A cover letter is a letter you write when applying for a job. Your cover letter highlights why you want that specific job, and what makes you qualified for it.
Not every company requires applicants to write a cover letter. But submitting a clear, thought-out cover letter helps you make a positive first impression on employers and improves your chance of getting an interview.
Ready to make a great cover letter? We explain exactly what to include in your letter, outline how write a great cover letter for a job, and provide a variety of cover letter examples. Let’s get started:
What to include in a cover letter in 2022
- A cover letter header with your first and last name
- Your contact information (and the recipient’s)
- Three to four body paragraphs outlining your experience, achievements, and skills — tailored to the job advert
- A sign off and your name (and signature if printed out)
Here’s a template that breaks down the standard cover letter format paragraph-by-paragraph:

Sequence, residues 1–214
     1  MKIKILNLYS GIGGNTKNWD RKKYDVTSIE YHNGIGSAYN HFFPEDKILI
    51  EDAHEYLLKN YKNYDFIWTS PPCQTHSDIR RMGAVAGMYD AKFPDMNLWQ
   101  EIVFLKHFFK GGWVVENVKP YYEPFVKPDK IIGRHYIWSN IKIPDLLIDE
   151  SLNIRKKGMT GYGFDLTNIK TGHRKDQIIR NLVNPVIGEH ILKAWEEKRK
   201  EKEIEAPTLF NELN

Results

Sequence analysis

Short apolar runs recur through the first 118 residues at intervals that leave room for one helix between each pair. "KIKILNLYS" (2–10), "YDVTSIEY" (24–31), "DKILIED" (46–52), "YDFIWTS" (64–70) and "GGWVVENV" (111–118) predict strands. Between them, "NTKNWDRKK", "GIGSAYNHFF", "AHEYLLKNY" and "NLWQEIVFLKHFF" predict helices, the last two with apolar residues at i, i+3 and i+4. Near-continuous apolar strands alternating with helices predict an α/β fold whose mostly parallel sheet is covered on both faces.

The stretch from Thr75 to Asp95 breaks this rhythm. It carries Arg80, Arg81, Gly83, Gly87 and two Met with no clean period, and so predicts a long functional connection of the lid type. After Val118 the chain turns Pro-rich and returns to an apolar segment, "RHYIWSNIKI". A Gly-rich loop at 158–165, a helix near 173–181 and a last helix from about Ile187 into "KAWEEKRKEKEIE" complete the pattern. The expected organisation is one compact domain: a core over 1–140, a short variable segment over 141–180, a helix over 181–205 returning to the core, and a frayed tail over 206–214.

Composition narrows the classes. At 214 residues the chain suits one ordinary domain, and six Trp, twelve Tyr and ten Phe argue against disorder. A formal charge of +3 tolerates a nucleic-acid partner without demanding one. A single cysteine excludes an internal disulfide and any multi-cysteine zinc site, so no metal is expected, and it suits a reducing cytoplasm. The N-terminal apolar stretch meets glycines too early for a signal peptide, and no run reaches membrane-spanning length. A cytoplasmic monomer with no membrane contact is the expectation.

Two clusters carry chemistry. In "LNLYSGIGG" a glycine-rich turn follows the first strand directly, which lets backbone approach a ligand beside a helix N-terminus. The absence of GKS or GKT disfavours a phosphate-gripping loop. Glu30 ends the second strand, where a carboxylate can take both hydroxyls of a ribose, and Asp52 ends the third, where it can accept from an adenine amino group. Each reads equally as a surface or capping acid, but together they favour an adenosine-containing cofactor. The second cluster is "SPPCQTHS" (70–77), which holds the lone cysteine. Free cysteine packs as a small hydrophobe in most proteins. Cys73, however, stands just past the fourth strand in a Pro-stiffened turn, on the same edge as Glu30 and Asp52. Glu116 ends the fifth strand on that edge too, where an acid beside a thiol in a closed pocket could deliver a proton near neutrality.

[Your Phone Number]
[Addressee’s/Hiring Manager’s Name]
Dear [Mr/Ms/Mrs] [Addressee’s Surname],
Introductory paragraph: State who you are, how many years of experience you have, and where you found the job advert. Then, briefly explain why you’re interested in the position.
Body paragraphs: In one or two paragraphs, provide an overview of your previous job experience, skills, qualifications, and accomplishments. Explain how your skills will help the company meet its goals. Use numbers to back up your claims when appropriate.
Closing paragraphs: Restate your interest in the position and mention your availability for an interview. Say that you’ll contact them within a week if you don’t hear back about your application. Finally, thank the employer for their time and consideration.
How to write a good cover letter
Now that you know the general information to put in your cover letter, you need to fill in each section.
Here’s how to make a cover letter that’s sure to impress even the most picky HR manager:
1. List your name and contact details
The top of your cover letter is where the reader will look first. Place your contact details in this area using an eye-catching cover letter header so they quickly internalise your name.
List the following contact details in the header of your cover letter:
- Name: First and last name (middle name optional).
- Phone number: Mobile is best, and absolutely don’t use your work number!